Adelaide’s rental affordability at worst point in a decade
The South Australian city has been tipped as an investor’s haven, but housing advocates flag some tenants are spending 80 per cent of their income on rent.
Recent analysis from National Shelter and SGS Economics & Planning has revealed that Adelaide’s rental affordability crisis is at its worst point since 2013. And while average households come out okay on paper, low-income households are evidently bearing the brunt of dwindling affordable rentals.
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According to the data, the average metropolitan rental household in Adelaide earns $87,000 per year, and faces paying 27 per cent of their income on housing if renting at the median rate.
But as prices rise, stock is being stripped from some of the rental brackets that house some of the city’s most vulnerable.
Previously affordable rental corridors, such as the north-south stretch from Gillman to Bellevue Heights, have now lost their affordability status, and the report suggested that renters must now look at least 30 kilometres outside of the central business district in order to find an affordable home.
For a single person on Jobseeker living in Adelaide, 80 per cent of income would need to be dedicated to renting at the median rate.
A single pensioner would need to spend 48 per cent of their income on rent, while a single parent on benefits who works part-time must commit 49 per cent of their income towards rent.
Hospitality workers and students are among the other demographics that the report identified as being heavily impacted by Adelaide’s rental affordability crisis.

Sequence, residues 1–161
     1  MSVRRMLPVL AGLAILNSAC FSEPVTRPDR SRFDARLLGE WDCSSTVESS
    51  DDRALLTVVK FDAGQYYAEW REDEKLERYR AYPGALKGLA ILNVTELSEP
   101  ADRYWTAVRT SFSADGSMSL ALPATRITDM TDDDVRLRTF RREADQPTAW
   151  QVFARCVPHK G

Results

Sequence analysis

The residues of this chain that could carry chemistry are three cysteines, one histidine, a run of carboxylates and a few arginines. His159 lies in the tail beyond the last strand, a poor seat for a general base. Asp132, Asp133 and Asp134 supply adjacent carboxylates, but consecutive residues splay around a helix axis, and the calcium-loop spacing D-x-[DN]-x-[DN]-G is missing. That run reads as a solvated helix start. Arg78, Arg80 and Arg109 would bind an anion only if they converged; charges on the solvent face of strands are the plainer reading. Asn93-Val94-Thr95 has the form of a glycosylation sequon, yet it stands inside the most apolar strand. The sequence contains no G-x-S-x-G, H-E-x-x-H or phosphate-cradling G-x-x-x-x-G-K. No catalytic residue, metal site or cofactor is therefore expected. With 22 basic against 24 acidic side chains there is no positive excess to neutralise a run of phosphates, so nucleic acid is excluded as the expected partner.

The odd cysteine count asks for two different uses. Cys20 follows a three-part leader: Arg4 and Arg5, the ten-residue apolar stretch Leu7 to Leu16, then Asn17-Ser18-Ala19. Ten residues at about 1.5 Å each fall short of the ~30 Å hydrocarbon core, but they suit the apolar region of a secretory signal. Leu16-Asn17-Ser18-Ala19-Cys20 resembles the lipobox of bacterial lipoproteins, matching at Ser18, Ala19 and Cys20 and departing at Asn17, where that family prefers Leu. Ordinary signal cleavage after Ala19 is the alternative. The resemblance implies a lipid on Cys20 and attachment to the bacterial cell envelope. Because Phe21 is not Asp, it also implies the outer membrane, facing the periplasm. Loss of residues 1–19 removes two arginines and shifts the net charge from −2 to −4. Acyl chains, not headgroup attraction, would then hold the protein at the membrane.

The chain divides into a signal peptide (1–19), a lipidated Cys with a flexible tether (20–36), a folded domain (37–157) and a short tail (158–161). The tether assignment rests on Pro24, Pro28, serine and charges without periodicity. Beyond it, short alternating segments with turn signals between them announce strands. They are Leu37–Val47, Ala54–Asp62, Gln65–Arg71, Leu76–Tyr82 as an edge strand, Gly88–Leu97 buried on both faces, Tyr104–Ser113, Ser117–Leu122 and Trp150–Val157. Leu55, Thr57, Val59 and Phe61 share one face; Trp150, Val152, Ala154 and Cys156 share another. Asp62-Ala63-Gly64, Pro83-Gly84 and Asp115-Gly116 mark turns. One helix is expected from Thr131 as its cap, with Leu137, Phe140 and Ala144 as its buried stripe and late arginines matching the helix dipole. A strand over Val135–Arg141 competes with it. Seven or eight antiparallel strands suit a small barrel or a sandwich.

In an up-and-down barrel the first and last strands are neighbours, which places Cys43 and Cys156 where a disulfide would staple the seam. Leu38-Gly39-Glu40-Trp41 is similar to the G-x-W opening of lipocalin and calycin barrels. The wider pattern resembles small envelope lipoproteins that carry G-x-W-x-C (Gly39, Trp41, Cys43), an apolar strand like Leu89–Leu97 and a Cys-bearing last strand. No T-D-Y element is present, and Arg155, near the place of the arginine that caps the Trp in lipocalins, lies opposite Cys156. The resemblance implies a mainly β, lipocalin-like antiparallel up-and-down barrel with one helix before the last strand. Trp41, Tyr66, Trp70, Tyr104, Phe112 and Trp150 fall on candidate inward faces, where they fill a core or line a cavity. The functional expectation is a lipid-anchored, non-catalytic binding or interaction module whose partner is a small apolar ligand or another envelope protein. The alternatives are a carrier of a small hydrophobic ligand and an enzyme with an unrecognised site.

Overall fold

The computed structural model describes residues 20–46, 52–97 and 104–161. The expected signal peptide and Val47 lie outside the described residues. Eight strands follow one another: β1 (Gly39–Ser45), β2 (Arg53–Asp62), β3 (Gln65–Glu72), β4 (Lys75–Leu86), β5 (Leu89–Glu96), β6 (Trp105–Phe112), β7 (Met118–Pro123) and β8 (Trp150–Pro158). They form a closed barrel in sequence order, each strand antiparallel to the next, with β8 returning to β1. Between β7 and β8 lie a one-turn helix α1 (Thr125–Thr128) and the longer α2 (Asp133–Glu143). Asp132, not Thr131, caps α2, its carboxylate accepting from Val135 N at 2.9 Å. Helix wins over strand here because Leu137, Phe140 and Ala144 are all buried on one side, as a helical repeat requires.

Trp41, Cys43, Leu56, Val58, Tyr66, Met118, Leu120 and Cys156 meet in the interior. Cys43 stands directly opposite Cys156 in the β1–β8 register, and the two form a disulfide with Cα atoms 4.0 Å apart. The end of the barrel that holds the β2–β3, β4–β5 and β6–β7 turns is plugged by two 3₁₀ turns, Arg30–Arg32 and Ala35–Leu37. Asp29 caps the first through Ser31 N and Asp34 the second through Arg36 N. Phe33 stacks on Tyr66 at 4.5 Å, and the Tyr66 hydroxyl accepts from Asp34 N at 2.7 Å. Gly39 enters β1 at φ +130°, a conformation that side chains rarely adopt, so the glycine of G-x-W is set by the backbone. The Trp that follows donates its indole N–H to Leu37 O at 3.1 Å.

“What’s happening in Adelaide shows that Australia’s rental market is being pushed to the brink of disaster through a combination of soaring prices and low supply,” stated Alice Clark, CEO of Shelter SA.
“Even moving to the regions does not provide affordability relief anymore,” she explained.
“Outside of Adelaide, rents have risen by 12.9 per cent in the last year while affordability has declined by 8 per cent, adding even more pressure to rental households who have even lower average incomes of $76,000 a year in the regions.”
The issue of rental affordability in Adelaide has been on the radar for some time. Earlier this year, new data from Domain revealed Adelaide and Perth as Australia’s most unaffordable cities for renters, as vacancy rates in both cities dropped to just 0.3 per cent.
The remarkable stability of Adelaide’s property market, with strong sales and steady median home prices, has been identified as a boon for home owners, but it appears that the city’s renters are not experiencing the same benefits.
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